About two days after ordering my new sofa, I discovered that I had no business doing such a thing. Faced with state budget cuts, my wonderful boss had a choice to either lay off one third of her staff or to cut pay by 10% across the board and reduce the amount she contributes to the cost of our health coverage. She chose door #2. Sooooo, maybe I shouldn’t have just spent $500 on a couch, but I had saved up for it and the deed was done anyway, so no use crying over lovely white sofas already on their way to my door. I did decide, though, that I would try to make my Christmas more cost-effective.
One of the ways I minimized stress and spending last year was by avoiding wrapping paper like…I don’t know, I don’t have a simile here. I used brown craft paper instead and put my energy into adorning each box with a pretty bow. My biggest expense, though, was ribbon, and it did add up. So this year I decided I would only use things I already have. I’ve got some ribbon left over from last year, but I’ll be getting creative in what else I use to pretty up my boxes. Here’s my first endeavor in crafting something pretty out of crap I already had lying around:
I present to you, the wax paper pouf.
Sorry I didn’t take a more glamorous picture of it. I probably should have stuck it on a fake box or something to give you some context. If you can’t tell, it’s about the size of my fist and just purrrfect for adding charm to a brown paper package tied up with string. I added the cat reference there because it would also make a lovely cat toy. Here’s how I made it. First, I gathered my supplies. Wax paper, string, amd scissors. You could use wire instead of string, but the string was handy so I just went with it.
Roll out two roughly square pieces of wax paper.
Cut them each in half.
And in half again, giving you a stack of eight small squares. I had to trim mine a little bit to get it looking more square-ish. No biggie.
Stack your squares neatly and then begin folding them all up together like an accordion.
Then, trim the ends to the shape you desire. You can make them rounded for a softer look, or pointed for something a little more funky. I went with rounded edges.
Tie a bit of string, or twist a bit of wire, around the middle. No need to squish.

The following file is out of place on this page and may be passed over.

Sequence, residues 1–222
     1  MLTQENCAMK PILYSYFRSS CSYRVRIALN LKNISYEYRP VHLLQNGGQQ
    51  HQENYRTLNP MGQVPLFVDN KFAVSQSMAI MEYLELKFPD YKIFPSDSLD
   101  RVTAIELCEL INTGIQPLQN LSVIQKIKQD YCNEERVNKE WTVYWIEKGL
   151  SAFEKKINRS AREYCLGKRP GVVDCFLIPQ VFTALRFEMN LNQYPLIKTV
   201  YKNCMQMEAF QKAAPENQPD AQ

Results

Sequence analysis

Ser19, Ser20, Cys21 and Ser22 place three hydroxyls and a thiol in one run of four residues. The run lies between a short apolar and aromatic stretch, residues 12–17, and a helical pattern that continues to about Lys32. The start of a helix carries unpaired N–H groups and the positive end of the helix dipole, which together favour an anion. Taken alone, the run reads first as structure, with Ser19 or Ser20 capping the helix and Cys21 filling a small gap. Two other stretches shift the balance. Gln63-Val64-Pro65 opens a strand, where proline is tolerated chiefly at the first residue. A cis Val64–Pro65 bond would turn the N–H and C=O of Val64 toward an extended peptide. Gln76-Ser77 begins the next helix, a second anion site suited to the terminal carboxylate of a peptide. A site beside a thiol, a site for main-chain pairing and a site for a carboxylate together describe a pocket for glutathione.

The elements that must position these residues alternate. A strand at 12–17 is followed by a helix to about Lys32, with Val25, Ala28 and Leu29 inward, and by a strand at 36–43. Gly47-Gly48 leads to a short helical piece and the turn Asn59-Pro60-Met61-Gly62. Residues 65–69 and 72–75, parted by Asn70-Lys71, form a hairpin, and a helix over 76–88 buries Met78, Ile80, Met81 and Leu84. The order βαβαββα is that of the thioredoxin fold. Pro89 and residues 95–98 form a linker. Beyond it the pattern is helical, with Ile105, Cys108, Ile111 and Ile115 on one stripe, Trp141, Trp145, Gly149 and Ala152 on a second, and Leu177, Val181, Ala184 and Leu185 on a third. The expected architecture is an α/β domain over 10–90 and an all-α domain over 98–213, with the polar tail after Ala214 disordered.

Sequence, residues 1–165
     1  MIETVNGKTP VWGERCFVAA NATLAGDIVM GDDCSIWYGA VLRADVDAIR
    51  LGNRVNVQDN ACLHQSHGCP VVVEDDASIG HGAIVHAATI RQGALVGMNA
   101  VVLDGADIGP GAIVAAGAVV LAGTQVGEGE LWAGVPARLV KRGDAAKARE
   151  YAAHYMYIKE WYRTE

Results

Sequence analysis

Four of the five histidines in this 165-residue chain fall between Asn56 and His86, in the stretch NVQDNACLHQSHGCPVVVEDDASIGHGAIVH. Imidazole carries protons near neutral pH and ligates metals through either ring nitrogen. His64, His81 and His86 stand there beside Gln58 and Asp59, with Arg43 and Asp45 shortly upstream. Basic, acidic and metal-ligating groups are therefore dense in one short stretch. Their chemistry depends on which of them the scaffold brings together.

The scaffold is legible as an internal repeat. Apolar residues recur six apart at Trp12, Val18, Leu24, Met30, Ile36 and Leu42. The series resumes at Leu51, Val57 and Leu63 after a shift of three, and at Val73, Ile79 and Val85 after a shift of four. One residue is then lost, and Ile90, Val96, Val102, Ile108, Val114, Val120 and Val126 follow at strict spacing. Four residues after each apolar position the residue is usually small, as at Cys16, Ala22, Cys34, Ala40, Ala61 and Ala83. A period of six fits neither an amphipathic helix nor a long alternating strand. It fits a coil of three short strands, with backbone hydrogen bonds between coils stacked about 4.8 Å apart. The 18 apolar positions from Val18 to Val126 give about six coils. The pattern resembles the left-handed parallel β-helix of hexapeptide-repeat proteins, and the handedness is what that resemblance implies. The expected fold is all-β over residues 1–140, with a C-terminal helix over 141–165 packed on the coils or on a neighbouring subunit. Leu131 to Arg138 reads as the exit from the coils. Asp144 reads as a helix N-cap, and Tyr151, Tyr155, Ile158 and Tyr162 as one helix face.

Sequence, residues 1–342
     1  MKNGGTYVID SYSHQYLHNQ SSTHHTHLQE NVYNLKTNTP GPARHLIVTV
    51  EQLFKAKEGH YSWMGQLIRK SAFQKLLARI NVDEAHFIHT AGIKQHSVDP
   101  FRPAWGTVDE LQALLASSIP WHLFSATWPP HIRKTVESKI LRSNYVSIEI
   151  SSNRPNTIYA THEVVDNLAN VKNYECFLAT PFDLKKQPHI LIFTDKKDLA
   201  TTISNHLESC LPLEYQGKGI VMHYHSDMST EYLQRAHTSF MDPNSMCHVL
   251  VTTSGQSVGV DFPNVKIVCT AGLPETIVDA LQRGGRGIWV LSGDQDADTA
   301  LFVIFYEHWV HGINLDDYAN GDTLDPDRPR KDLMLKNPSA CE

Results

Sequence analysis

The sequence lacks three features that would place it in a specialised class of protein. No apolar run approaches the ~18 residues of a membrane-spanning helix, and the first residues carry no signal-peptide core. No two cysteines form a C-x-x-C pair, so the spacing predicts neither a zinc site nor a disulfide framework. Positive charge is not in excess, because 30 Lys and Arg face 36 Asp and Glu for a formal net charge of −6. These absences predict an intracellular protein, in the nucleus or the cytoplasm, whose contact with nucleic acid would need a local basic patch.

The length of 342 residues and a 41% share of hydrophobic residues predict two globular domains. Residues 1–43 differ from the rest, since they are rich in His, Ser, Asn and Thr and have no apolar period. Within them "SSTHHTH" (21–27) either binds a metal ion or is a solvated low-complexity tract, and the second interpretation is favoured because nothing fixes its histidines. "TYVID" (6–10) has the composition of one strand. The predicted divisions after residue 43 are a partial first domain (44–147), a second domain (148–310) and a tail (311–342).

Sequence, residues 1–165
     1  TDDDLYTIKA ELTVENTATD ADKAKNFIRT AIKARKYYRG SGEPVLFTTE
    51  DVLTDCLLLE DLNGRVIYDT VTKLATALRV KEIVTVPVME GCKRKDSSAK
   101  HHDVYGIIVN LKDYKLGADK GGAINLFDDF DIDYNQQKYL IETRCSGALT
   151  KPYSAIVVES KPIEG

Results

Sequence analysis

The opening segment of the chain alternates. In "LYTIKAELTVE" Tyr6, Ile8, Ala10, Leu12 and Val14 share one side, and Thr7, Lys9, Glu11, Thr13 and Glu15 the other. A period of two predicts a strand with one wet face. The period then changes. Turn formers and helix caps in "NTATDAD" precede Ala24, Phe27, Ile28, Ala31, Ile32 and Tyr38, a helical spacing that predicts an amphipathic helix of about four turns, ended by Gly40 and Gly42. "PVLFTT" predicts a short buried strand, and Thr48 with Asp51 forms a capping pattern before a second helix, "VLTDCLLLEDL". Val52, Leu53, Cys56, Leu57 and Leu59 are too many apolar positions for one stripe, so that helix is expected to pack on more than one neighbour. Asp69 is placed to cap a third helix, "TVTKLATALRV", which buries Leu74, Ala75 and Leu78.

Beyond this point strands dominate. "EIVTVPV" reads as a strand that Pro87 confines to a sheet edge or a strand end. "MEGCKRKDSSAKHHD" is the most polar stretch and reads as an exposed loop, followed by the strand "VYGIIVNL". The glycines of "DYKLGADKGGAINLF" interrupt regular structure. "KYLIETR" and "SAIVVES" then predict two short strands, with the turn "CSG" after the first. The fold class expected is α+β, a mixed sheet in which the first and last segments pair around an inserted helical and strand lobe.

With your wire or string holding it all together in the center, start spreading out your folds.
This is the most important part. Carefully peel up one layer of paper on each side. Do a really good job of pulling it up nice and straight because you don’t want the dividing line to be obvious later.
Don’t follow my example here. I should have done a better job of pulling them up all the way, because I had to do some squishing later to camouflage the center.
Then, just keep pulling up layers. I knew I’d be using this on a gift so I kept the back flat, but if you think you might want to make a garland or hang them in the air be sure to distribute your fluffiness evenly all around.
And finally, ta-da! My completed pouf. Took only a few minutes and zero dollars.
There’s a bit of string sticking out the back side that I could tie some fishing line to and hang it up, if I so desired. Or, I could use a needle to thread a bunch on a piece of thread to make a garland. Lots of possibilities here!
Since I’ll be using this on a gift, I’ll probably just stick it on there with a bit of hot glue. And speaking of hot glue, I’ve always struggled with getting tape to adhere well to craft paper in the past, so I’m thinking I may use hot glue this year instead. More money saved, since I have a giant bag of hot glue sticks in my crafting stash and I always have to run out to get tape at the beginning of the holiday season.
I made like five of these in thirty minutes while watching TV. I’ve got a ton more ideas for decorating boxes with stuff I’ve already got, so I’m really excited to see how it all turns out. I’ll probably make more poufs like this out of book pages and tissue paper. I wonder if it would even work with scrap pieces of fabric?